The final blend for the 2012 Cheval Blanc was 54% Merlot and 46% Cabernet Franc. Despite the use of 100% new oak, there is not a hint of vanillin, toast or espresso notes in the aromatic bouquet, which is filled with scents of black currants, sweet cherries, lavender, forest floor and a hint of underbrush. Concentrated with a surprisingly lofty alcohol level of 13.9% as well as a tannin level that equals their 2010 (a wine bestowed a three-digit score), this full-bodied, opulent 2012 has a pH of 3.8, which accounts for its suppleness, velvety texture and heady richness. It is a great success in this vintage. It will be approachable early given its silky structural aspects, and should last for two decades.
The 2011 Cheval Blanc is one of the more plump, opulent and sexy Cheval Blancs made over recent vintages, and its forwardness, lusciousness and complexity seemingly suggest this wine is on a fast evolutionary track. The wine exhibits a dense ruby/purple/plum color, a medium to full-bodied opulence, a sumptuous mid-palate (atypical for the vintage), and a lush, heady finish. It is a super, complex, evolved Cheval Blanc that can be drunk now or cellared for 15+ years. Bravo!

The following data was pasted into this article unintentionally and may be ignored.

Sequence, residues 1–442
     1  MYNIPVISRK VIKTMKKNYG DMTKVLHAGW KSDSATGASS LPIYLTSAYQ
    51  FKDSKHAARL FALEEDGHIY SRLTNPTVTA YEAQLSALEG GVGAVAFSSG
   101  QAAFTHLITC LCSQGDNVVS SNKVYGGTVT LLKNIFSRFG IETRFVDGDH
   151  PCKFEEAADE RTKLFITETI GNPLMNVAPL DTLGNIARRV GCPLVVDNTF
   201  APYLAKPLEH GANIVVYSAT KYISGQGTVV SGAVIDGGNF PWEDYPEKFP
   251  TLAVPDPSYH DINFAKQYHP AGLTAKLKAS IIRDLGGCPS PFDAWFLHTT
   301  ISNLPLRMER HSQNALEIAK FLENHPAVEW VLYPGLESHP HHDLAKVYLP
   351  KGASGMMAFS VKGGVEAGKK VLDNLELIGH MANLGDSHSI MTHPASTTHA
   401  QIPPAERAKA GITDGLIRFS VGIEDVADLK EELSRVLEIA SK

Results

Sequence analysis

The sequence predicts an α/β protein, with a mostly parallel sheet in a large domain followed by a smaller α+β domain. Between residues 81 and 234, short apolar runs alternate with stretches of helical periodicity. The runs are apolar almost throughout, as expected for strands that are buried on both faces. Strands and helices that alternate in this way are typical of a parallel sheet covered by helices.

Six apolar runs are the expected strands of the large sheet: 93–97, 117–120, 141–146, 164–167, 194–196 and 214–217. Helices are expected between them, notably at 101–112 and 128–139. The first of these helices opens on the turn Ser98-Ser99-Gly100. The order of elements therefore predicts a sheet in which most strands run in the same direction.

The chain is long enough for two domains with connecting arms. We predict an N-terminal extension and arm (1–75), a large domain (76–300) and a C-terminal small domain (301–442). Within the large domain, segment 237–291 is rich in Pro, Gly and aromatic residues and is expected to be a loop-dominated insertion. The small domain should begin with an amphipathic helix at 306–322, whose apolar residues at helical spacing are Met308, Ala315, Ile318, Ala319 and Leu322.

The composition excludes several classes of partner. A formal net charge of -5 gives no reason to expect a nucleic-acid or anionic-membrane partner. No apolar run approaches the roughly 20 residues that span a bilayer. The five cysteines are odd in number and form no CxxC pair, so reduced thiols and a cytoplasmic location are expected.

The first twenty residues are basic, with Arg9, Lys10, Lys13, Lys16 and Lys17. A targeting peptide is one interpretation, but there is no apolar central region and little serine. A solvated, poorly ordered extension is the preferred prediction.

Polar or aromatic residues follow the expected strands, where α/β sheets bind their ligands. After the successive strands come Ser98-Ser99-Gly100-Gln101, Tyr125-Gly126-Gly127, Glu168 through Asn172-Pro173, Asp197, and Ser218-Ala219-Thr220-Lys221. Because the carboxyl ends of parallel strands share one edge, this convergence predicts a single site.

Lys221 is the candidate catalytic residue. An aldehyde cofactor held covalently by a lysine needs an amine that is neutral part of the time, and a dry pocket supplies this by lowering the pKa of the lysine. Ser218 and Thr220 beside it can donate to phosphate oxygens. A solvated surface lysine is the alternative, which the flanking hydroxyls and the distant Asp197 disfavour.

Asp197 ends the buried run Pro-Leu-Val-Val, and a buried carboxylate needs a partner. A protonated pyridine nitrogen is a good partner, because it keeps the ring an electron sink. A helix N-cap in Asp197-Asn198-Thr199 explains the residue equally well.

The 2008 Cheval Blanc (55% Merlot and 45% Cabernet Franc) is a winner from this underrated, classic vintage. Notes of forest floor, Asian plum sauce, black currants, sweet cherries and spice are followed by a medium to full-bodied wine with deep fruit, admirable purity, and a long, textured finish. There is not a hard edge to this wine, and in all likelihood, it can be drunk now or cellared for two decades.